The purpose of the Florida Native Plant Society (FNPS) is to promote the preservation, conservation, and restoration of the native plants and native plant communities of Florida. This blog presents ideas and information to further the cause of Florida's native plants and ecosystems.
Wednesday, April 26, 2017
Wednesday's Wildflower:Spanish Needle
Spanish Needle, Bidens Alba
Submitted by Donna Bollenbach, Suncoast Chapter
Biden's alba, all photos by Donna Bollenbach
Nothing attracts more butterflies and
bees than a simple white flower called Bidens
alba. Also called Romerillo, Beggar’s Tick, Spanish Needle or Monkey’s Lice,
this Florida native wildflower is the
third most reliable source of nectar for pollinators in our state. There would
be many starving bees and butterflies if not for the Bidens family of flowers. More
so, Bidens alba and its sister plant,
Bidens pilosa, are both edible and have
medicinal value. Yet, many gardeners have a love/hate relationship the
plant, and some even consider it a pesky weed. Why?
The word Bidens means two-toothed, which describes the needle-like seeds that flowers in this family produce in enormous amounts. If you walk through a patch of Bidens that have gone to seed you come out looking and feeling that you were attacked by an army of little black needles, and good luck getting them out of your clothes. The “hitchhiker” seeds are easily spread by people, animals, wind and water, so it grows everywhere and anywhere, and once established, it is hard to get rid of.
But, if you love bees and butterflies, you need
to learn to love Bidens Alba. While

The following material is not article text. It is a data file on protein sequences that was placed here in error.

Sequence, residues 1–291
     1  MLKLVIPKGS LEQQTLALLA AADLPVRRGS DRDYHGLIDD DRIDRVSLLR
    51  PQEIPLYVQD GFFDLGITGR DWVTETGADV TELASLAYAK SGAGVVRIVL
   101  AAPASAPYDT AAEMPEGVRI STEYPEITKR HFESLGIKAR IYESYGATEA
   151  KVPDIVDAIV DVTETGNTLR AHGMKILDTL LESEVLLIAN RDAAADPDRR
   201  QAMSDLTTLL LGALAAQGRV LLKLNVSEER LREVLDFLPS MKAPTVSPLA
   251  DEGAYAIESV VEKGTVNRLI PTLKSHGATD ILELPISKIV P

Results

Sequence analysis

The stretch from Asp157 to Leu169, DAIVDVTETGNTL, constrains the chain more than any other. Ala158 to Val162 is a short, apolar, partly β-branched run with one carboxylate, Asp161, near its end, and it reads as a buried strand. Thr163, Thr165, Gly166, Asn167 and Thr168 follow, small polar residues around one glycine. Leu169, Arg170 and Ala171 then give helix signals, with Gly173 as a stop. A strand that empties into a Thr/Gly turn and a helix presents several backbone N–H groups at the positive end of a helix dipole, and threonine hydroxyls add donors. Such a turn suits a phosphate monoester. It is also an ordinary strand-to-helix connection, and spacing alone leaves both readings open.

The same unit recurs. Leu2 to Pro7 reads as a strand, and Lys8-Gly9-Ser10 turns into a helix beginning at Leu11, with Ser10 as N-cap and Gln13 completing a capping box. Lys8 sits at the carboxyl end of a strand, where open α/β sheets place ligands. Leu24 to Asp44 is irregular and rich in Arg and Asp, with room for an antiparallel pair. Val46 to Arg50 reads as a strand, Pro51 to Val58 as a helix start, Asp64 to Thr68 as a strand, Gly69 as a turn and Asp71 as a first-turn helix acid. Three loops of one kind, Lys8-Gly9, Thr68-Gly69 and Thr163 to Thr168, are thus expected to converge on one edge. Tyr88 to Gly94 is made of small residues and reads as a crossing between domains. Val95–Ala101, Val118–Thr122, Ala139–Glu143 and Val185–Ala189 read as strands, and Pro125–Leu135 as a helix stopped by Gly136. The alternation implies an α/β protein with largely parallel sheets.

not a neat and tidy plant, it is can be very showy at its peak. The pretty
white and yellow daisy-like flowers bloom throughout spring, summer and fall in
Florida. It becomes quite weedy as it
ages, but if allowed to grow in a sunny area along a fence line, or in the back
of your garden and out of the way of any
foot traffic, it will pose less of
a problem for you when it goes to seed. What small discomfort you may feel by
the prickly seeds in your shoes and socks, you will be rewarded tenfold by the
colorful pollinators that you will attract to your yard.
most Florida climates it Bidens alba blooms nearly year round. They like sun, but will tolerate some shade. They are also very drought tolerant. The plants may die after the
first frost, but will come back quickly when the weather turns warm.A single plant can produce 3000-6000 seeds,
so if you don’t want them to spread you need to pull up or mow the plants before they
go to seed, or, you can eat them…The fresh or dried leaves of Bidens alba are edible. Peggy Sias Lantz, author of Florida’s Guide to Edible Wild Plants, recommends that you pick the youngest leaves and sprouts and “cook them in a few changes of water to get rid of the bitterness.” She also writes that if used sparingly, the leaves and flowers can also be tossed into a raw salad.
Bidens alba: Weed or wildflower?
It is all in the eyes of the beholder, and the butterflies.